Besides, Goldman would be insulted if it were to be compared to the typical member of the KBW Bank Index. This isn’t some small-time, sleepy institution that takes deposits and lends money here and there. Goldman is an elite global institution, with the best minds and systems money can buy. It bestrides the globe like a colossus. It works harder and smarter than all the other firms. It has a culture in which failure and mediocrity aren’t tolerated, much less rewarded. Up or out.

So imagine a bunch of senior Goldman executives hired an expensive portfolio manager and tasked him with creating positive returns. Next, imagine that the manager came back year after year and informed the executives that the best he could do was flat returns — but that he nonetheless deserved a multimillion-dollar payday. They’d laugh.

And yet while Goldman’s returns have been subpar, CEO Lloyd Blankfein is getting paid like he’s crushing the market.

A couple of decades ago, Christopher Lasch wrote a book, The Betrayal of the Elites, which focused mostly on how the upper class of U.S. society was setting a bad example on social issues (i.e., a more comprehensive ‘Murphy Brown‘ argument). I always thought that argument was overblown: the true hallmark of the upper class’ moral and ethical degeneracy was demonstrated by how they treated their employees (increasingly shabbily).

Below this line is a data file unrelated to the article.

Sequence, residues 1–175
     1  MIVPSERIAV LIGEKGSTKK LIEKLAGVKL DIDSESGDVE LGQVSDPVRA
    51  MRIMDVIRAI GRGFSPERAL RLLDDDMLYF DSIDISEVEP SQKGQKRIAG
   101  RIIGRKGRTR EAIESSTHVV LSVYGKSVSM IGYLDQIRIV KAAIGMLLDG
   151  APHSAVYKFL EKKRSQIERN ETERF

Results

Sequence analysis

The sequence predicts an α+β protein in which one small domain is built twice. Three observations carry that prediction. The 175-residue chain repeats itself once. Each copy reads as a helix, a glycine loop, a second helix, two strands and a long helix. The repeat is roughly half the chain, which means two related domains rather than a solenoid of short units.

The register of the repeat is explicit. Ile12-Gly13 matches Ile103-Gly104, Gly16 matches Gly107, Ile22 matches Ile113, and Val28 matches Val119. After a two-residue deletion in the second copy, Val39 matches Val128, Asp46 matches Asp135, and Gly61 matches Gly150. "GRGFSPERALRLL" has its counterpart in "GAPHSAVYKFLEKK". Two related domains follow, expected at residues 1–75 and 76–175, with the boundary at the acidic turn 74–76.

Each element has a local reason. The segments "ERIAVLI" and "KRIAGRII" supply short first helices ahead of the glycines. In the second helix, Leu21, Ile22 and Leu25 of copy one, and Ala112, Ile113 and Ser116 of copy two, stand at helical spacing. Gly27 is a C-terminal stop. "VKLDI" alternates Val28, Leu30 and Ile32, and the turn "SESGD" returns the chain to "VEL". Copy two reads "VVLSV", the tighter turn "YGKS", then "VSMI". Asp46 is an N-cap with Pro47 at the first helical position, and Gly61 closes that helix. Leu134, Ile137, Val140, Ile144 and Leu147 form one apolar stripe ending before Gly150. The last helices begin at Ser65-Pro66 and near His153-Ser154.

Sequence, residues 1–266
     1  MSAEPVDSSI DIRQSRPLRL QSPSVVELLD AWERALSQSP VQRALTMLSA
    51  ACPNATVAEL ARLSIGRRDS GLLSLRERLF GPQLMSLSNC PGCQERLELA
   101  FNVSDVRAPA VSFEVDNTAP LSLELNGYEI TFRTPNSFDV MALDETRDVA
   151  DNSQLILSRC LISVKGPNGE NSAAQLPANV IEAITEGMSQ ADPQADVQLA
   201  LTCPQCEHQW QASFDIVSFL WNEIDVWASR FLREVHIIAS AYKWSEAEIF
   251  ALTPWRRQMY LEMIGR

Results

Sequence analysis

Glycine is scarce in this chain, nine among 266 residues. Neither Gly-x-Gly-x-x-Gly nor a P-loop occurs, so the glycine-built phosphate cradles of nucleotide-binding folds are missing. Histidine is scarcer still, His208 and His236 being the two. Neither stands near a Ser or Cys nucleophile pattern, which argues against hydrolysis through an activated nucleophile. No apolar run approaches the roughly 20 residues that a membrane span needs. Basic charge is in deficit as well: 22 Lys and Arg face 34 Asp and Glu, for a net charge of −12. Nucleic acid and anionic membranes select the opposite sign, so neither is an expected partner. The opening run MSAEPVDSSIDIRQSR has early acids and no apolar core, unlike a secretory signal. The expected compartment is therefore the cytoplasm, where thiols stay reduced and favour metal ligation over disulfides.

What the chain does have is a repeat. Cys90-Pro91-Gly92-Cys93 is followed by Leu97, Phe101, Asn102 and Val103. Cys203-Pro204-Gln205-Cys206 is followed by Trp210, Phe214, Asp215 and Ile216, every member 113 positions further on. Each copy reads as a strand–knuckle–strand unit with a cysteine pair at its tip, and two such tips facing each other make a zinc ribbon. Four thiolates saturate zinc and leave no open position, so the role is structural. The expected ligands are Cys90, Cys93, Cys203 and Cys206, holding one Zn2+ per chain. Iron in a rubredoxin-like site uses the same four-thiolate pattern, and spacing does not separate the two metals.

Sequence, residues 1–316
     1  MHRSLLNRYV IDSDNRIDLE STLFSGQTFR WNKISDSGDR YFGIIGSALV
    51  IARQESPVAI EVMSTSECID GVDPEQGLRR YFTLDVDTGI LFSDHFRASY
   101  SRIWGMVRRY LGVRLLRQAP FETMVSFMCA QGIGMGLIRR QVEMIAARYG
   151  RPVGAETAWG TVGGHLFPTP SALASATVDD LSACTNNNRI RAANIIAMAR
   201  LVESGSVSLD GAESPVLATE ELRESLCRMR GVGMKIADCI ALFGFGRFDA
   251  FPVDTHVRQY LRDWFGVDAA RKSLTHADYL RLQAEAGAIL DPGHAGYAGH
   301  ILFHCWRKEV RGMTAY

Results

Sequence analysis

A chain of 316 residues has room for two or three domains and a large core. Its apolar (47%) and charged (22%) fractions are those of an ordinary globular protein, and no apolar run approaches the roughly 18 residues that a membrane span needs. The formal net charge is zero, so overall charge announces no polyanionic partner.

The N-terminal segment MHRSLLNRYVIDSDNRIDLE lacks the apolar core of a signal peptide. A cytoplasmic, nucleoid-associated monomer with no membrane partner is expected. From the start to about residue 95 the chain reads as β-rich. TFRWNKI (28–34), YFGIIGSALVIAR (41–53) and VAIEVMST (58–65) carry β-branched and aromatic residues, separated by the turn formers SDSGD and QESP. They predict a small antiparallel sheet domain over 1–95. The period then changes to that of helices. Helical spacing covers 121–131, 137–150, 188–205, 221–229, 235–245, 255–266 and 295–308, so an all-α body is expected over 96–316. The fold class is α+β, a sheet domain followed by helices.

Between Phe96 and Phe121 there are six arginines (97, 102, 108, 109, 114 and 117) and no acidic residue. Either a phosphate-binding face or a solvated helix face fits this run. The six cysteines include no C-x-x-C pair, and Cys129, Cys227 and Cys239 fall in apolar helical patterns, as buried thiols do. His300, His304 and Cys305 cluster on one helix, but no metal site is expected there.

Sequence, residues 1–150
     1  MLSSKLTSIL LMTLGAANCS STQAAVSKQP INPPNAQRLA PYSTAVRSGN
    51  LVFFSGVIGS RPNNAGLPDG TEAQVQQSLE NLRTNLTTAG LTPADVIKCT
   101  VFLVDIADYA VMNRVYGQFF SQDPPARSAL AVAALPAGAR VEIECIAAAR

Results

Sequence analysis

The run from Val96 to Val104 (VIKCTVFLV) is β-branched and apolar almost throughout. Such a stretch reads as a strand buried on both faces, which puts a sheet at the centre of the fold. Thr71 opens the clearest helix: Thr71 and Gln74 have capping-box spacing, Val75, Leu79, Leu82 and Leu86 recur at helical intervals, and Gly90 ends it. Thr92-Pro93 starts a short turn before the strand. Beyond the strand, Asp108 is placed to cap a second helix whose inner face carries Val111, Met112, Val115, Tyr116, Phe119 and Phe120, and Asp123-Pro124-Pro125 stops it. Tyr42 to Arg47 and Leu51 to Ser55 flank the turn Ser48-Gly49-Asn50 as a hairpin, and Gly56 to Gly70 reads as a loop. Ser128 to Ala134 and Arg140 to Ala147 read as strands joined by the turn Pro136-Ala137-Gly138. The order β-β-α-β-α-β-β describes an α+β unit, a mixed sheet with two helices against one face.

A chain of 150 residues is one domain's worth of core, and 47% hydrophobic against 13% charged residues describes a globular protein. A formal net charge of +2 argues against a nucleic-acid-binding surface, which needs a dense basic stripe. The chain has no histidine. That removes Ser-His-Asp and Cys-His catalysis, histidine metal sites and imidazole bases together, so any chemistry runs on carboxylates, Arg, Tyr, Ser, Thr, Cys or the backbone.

We are ruled by greedy sociopaths.

Comments

  1. #1 Neil B
    June 21, 2011

    Thank you for this post, I’ll try to link it around. You know what the enablers of this do: complain about “politics of envy”, as if how much is distributed to us isn’t a worthy issue. Readers might be interested in the Steady State Economy site: http://steadystate.org/.